And then, in the last few days, we've welcomed Super Mario Odyssey into our lives. By all accounts Nintendo's latest Mario game is a masterpiece worthy of its new console, and sales have been explosive, with more than two million copies sold in just three days. That means a huge percentage of Switch owners are still actively using the console and buying new games, and we'd expect that sales figure to balloon by the holidays.
Speaking of which, Nintendo has some big Breath of the Wild DLC and Xenoblade Chronicles 2 out before the end of what has been a well-stocked first calendar year for the Switch. Between the form factor and the software line-up, Nintendo has delivered on its plan.
3. Tons of indie games
Nintendo has always been an odd home to indie titles. Whereas Sony and Microsoft often court fashionable titles and make things as simple as possible for them, Nintendo doesn't have the same reputation as an easy partner. Evidently that's changing with the Switch, because even in the early days we had a ton of great indie titles on Switch, from Snipperclips and Slime-san to the ubiquitous Shovel Knight and Cave Story. More recent releases like Golf Story have added to the feeling that Switch is an indie-friendly console and a good place to find and play indie games.
4. The promise of things to come
We didn't need that much more convincing, but looking further down the Nintendo Switch roadmap reveals plenty of reasons to color us interested. Nintendo has already shown footage of Kirby: Star Allies and a new Fire Emblem, and we also know that a new Metroid Prime game is in development.
There's also - whisper it - growing third-party support. Bethesda Softworks has emerged as an unlikely ally in the early days of Switch, producing a port of Skyrim that is likely to keep us warm during the winter months and even bringing Doom across before the end of the year. While some third parties have flattered to deceive (EA's port of FIFA 18 was a little disappointing, for instance, lacking some key Ultimate Team features), there always seem to be more lining up. Heck, even Rockstar has gotten involved, adding a Nintendo Switch version of L.A. Noire to its list of upcoming ports. If you had told us midway through the Wii U lifecycle that there would be a Rockstar game on Nintendo's next console within nine months, we would have made all sorts of faces.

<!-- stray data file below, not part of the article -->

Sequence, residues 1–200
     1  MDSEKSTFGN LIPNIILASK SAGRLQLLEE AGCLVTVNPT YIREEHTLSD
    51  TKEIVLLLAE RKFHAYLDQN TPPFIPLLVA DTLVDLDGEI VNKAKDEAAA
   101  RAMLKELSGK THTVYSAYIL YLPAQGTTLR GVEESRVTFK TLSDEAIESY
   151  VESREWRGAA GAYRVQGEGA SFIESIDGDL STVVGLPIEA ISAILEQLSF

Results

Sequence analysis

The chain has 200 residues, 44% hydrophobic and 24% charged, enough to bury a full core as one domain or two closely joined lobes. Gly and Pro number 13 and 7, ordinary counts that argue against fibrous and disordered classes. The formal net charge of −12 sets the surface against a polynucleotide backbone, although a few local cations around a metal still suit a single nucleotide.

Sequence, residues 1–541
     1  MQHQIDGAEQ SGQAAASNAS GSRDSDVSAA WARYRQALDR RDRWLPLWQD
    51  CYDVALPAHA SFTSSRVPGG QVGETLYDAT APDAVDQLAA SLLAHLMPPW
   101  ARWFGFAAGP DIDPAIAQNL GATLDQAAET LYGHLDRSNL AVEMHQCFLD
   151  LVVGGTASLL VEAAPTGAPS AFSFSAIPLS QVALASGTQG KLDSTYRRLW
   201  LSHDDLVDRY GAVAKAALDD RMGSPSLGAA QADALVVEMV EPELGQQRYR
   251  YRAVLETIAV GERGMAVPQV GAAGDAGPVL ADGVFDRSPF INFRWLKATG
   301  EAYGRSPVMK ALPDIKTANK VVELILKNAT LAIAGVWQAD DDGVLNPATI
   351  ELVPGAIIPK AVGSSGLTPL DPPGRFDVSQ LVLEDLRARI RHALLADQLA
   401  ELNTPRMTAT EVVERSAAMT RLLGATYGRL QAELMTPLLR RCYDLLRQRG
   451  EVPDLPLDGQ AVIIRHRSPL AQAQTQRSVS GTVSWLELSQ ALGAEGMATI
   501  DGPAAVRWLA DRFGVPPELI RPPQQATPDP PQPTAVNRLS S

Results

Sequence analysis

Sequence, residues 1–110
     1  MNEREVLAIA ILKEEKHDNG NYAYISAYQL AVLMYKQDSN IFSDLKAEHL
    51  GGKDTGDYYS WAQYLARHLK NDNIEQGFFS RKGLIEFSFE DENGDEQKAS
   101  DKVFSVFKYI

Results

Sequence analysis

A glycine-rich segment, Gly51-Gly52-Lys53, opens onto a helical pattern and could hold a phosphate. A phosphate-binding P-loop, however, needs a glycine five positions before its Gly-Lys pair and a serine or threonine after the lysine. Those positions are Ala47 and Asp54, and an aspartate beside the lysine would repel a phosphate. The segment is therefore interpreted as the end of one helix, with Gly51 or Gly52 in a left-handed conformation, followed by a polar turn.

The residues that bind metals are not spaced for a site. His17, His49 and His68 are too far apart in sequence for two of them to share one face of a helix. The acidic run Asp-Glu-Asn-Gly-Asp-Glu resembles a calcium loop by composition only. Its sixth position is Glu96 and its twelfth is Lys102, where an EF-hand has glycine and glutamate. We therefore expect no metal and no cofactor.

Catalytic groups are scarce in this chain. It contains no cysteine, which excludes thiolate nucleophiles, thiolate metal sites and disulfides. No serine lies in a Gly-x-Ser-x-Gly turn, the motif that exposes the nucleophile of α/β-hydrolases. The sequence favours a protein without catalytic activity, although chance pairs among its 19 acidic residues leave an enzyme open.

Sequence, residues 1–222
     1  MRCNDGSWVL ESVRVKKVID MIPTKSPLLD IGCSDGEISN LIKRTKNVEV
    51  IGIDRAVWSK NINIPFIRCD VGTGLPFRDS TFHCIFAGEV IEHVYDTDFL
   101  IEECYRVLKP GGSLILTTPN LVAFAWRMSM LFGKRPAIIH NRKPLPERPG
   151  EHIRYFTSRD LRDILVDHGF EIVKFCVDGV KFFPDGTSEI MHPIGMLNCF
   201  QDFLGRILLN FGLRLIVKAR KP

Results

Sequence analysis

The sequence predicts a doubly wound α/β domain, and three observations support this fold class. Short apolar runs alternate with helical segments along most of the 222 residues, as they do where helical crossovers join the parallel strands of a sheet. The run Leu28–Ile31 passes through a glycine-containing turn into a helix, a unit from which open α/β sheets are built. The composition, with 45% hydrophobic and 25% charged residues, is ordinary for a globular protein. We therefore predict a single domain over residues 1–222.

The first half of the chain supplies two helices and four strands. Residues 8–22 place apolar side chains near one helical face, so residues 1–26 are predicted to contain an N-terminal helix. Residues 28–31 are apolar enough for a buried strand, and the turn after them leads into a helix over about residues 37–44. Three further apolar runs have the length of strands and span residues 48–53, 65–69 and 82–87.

We also still don't have Virtual Console, Nintendo's digital retro game release system. There have been a few retro releases on Switch, sure, including some rather good Neo Geo AES games, but we expect Nintendo's own titles to start filtering through sometime in the future. We've bought a bunch of these games multiple times in the past, of course, but as the demand for things like the NES and SNES Classic Editions shows, the appetite for classic Nintendo titles in new forms knows no end. We can certainly think of a bunch of N64, GameCube and, yes, Wii U games we'd love to play on Switch, and with any luck the Virtual Console will give us that chance.
5. Killer applications
Finally, it would feel remiss not to explicitly state something about Nintendo Switch.
Back in the day, console games media always used to talk about "killer applications", games that would sell consoles on their own. Think Mario, Halo or Grand Theft Auto. If you had these, your machine would fly off the shelves. If you didn't, the argument was a bit weaker. The logic seems to have shifted over the years - you could easily argue that PS4 had no killer apps when it launched, for instance - but it still remains true that some games are system sellers.
The Nintendo Switch clearly had a killer app from day one. The Legend of Zelda: Breath of the Wild was a watershed moment for Nintendo's famous RPG series, but it was also a stunning evolution of the open-world action genre, iterating on ideas and presenting new ones that fit series and concept like a glove. It remains one of the best games - if not the absolute best game - of 2017, and it was the reason we fell in love with the Switch.
And now the Switch seems to have two. Reviews of Super Mario Odyssey have been unanimously gushing. Nintendo seems to have done it again.
Whether it can keep up this fantastic momentum throughout 2018 remains to be seen, but if and when Switch surpasses Wii U's sales in the next few months, it will have been because every part of Nintendo pulled together in unison and played a blinder. Long may it continue.